of Master Masunaga’s books and teachings. In this way I was able to confirm my experiences. When I first began giving shi- atsu, I could not perform accurate diagnosis by pressing the hara meridians and was unable to “see” the kyo meridian. Until 1983 this did not represent much of a problem. Al- most all patients receiving treatment exhibited jitsu symptoms, which showed up in the body as pain or stiffness caused by the excessive concentration of ki. By pressing the meridian in the limbs which I felt to be kyo, I was able to reach the bottom of tsubo to dissipate the concentrated ki, relieving the pain or stiff- ness relatively easily. Giving a prescribed sequence of shiatsu for the whole body, known as Basic Form, preceded tsubo treat- ment. This combination proved effective in treating most pa- tients. Things began to change from 1985, when what 1 call the “time age” reached a turning point to bring about a situation where more than 90% of patients exhibited kyo rather than jitsu-type symptoms. Simply diagnosing and pressing the kyo meridian of the limbs was now no longer sufficient. At first I was puzzled and unsure what to do. However, by continuing the process of diagnosing the associated meridian and treating tsubo around the symptom area, the effectiveness of my treatments again increased and I began to understand what was happen- ing. Deep inside the tsubo of the kyo meridian, I began to see a “stiffness” that existed at a previously unrecognized level. The unity and oneness of the ki world is demonstrated at each stage: experiencing tsubo; seeing ki spread; the appearance of kyo through boshin; and now the kyo stiffness becoming vis- ible. Absolute oneness of subject and object is beyond compar- ison and conflict. In this state the situation of the meridian is as clear as any object seen in daily life. Studying the meridian di- agnosis system of Master Masunaga had greatly deepened my re- spect for him and his devotion to shiatsu. The signposts he provided directed my journey and greatly helped to confirm my own findings. Eventually, though, as my experiences moved be- yond those discussed in his books, there was nothing left to refer to for confirmation. I was now proceeding alone, yet felt I had no other option but to continue.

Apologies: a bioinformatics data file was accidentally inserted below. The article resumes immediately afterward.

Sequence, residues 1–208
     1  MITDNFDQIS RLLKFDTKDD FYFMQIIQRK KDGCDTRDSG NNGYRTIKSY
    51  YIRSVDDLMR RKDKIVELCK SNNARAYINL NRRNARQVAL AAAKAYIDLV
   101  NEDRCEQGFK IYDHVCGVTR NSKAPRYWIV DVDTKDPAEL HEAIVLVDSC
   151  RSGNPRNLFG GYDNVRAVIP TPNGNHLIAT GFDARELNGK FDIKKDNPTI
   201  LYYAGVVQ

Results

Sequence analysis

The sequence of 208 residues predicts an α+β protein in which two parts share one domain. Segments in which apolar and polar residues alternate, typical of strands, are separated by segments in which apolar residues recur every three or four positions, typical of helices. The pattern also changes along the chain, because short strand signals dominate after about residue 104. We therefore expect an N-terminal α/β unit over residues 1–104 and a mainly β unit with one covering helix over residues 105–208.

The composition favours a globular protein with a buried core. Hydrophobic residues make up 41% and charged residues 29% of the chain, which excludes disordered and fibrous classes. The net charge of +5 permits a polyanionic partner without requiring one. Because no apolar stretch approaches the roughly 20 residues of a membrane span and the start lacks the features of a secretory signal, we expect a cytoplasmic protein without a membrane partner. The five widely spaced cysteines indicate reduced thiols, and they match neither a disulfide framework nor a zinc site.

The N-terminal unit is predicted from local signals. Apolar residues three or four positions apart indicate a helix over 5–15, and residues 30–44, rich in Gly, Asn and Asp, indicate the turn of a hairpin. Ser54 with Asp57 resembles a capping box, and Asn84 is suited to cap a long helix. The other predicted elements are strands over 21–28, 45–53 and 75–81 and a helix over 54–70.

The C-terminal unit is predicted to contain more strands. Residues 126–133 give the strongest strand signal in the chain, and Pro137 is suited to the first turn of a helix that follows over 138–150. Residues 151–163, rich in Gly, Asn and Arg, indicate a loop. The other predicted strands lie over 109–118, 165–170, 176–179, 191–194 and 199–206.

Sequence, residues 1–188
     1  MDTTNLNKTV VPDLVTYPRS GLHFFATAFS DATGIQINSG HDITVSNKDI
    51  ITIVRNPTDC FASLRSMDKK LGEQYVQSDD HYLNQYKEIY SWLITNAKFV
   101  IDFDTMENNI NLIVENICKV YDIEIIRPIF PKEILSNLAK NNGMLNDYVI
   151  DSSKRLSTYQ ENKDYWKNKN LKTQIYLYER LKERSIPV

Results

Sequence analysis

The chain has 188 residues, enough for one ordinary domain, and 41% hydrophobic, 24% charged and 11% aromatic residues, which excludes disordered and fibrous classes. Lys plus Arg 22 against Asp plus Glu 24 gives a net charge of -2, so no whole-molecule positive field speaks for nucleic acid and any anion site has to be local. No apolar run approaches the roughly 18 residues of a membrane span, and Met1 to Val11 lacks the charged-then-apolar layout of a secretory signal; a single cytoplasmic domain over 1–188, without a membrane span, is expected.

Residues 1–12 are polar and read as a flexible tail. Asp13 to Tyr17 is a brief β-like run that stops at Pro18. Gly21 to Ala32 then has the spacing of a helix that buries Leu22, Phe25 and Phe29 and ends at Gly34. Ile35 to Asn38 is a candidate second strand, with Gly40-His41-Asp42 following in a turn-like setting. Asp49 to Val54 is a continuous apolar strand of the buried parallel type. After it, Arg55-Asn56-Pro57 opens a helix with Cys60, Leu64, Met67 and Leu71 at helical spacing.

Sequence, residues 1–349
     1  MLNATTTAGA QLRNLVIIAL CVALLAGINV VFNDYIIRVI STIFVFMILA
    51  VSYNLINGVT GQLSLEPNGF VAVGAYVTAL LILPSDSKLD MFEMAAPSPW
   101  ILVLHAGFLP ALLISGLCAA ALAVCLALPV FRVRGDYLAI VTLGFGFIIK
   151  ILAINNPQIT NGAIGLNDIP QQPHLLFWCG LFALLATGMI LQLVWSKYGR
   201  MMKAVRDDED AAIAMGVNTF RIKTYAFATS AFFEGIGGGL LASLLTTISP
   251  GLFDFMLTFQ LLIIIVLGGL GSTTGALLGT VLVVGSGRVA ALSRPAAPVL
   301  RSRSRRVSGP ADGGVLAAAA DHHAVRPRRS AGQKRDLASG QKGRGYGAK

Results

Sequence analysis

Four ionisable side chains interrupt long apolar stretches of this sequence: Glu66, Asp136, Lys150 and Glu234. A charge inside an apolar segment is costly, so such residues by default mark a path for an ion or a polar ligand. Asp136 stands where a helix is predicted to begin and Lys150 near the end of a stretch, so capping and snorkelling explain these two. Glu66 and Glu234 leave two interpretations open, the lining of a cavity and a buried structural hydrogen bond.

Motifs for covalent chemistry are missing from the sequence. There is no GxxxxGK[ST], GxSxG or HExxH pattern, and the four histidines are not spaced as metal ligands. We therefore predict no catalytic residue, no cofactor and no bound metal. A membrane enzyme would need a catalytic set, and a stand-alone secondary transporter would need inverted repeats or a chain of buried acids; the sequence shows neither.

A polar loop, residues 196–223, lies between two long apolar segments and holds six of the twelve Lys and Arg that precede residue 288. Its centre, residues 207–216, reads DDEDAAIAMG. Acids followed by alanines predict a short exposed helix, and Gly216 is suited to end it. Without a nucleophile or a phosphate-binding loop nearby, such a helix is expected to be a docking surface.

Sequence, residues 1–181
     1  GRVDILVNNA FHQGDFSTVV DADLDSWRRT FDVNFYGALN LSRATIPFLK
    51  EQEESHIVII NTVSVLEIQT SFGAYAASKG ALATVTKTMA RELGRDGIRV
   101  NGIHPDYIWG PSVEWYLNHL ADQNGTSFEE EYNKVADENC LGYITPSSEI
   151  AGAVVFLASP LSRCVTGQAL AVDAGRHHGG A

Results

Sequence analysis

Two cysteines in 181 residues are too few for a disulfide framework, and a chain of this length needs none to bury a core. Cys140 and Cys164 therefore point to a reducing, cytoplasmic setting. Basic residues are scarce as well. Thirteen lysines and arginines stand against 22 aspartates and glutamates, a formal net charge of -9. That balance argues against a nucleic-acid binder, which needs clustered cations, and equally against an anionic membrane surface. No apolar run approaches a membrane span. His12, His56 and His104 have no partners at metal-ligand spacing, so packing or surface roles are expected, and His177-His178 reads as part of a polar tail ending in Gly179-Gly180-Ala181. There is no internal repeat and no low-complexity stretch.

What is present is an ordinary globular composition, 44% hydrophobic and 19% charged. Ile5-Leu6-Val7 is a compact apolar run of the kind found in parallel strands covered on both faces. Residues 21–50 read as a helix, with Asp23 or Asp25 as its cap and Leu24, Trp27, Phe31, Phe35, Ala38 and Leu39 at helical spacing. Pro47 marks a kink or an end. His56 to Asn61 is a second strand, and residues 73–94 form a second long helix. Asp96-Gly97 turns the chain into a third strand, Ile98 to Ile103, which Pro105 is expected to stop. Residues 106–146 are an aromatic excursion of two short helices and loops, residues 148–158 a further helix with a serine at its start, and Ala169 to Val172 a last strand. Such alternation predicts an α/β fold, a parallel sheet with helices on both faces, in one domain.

Releasing the Energy Distortion Created by Jaki


The discovery of the kyo stiffness is one of Master Masunaga’s legacies and it was this deeper state of ki that became the focus of my clinical practice and research. Great effectiveness in treat- ing my patient’s pain and symptoms resulted from the practice of meridian shiatsu, based on Masunaga’s twelve whole body meridians and the two extra meridians. Then a puzzling pattern began to emerge. Some patients felt pain and revealed kyo stiff- ness— noticeably in the lower back and neck—which did not cor- respond with where my sho diagnosis of the kyo meridian in the hara would have predicted it to be. These cases were the first indication that the range of the meridian stream revealed by Master Masunaga’s research alone was no longer sufficient to explain and treat the symptoms I was witnessing in my clinical practice. Master Masunaga himself would have no doubt if con- fronted with a similar situation in his clinical practice, prompt- ing him to expand on the twelve classical acupuncture meridians. For me this puzzle was to be solved as the presentation of the patients’ symptoms changed fundamentally in the mid- 1980s. I first treated an extremely rare case where the symptom was expressed not through the jitsu but the kyo meridian. Gen- erally symptoms and pain were expressed through the jitsu (ex- cess of ki) meridian. This meant treatment was given to the kyo (deficient in ki) meridian, but usually on the opposite side to where the pain was experienced. The rationale was that the kyo meridian existed “behind” the symptom; so excess ki was drawn to the deficiency, thus relieving the jitsu symptom. Now the kyo meridian presented itself in the “foreground.” A shift in the human meridian and energetic system was taking place. The kyo had withdrawn deeper into the ki body, giving rise to symptoms on the kyo meridian itself. Instead of going from the main area of pain and treating the kyo meridian on the other side, I fol- lowed the sho diagnosis but treated the kyo stiffness in the kyo meridian stream that flowed “horizontally” (see left illustration